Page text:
It’s December 23! Christmas is two days away!! How did that happen? While the Scrooge/Grinch in me was busy wrestling with the true spirit of Christmas somebody flipped the pages on the calendar. I’m mostly “ready” for Christmas according to the culture’s standards. Cards sent, most shopping done, decorations and tree have been up for weeks, and family celebrations are planned.
But as usual the tensions between the materialism of how we do Christmas and the crazy busyness of the season are at war with the joy and peace I preach and write about. Is it harder for pastors and other religious leaders to reconcile those warring factions than for others? I’m not nearly as frantic with church responsibilities as I was pre-retirement; so it’s not that, but the struggle didn’t retire when I did.
Part of the problem is that all the “peace on earth” and “joy to the world” stuff just doesn’t ring true with what I’m seeing and feeling around me. I am genuinely fearful for the future of humanity just now. Climate change predictions are frightful and the leadership vacuum in our government on that issue is so short-sighted as to be criminal. Thousands of immigrant kids are locked up at the border, cabinet members and other key advisers to the president are dropping like flies, the stock market is on the verge of a crash, and part of the government is shut down because the little boys in DC can’t put national interests ahead of political ones.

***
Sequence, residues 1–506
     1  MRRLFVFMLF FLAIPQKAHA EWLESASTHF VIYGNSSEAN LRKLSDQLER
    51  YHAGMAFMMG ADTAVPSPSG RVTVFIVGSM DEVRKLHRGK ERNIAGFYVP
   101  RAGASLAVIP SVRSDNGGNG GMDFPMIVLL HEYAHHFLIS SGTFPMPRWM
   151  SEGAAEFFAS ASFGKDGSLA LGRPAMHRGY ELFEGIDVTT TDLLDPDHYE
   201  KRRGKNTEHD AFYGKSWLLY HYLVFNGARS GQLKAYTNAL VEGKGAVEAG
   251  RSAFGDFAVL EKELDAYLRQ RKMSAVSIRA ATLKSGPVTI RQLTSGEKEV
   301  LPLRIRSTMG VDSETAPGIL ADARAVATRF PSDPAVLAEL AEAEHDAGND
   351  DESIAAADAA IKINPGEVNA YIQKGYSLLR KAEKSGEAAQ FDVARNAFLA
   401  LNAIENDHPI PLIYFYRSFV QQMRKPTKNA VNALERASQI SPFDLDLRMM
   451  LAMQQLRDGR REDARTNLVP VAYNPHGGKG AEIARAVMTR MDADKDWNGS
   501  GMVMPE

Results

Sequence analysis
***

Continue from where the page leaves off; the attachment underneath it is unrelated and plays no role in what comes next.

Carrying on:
Am I a hypocrite to proclaim good news when a deep part of me doesn’t believe there is any? Methodist founder John Wesley is credited with saying, “Preach faith till you have it.” That advice certainly keeps one humble and searching for a lifetime, even when the darkness seems to be extinguishing the last ray of hope.
And that’s why we tell the ancient story again. It’s an old story. David defeats Goliath and now this tiny, vulnerable, defenseless heir of David has an insecure ruler shaking in his boots. We know the story. Herod doesn’t win; wealth and worldly power are no match for God incarnate in a refugee child. We know the story, but we need to hear it again and again. Love wins! Love Wins! And we must tell that story over and over until we believe it.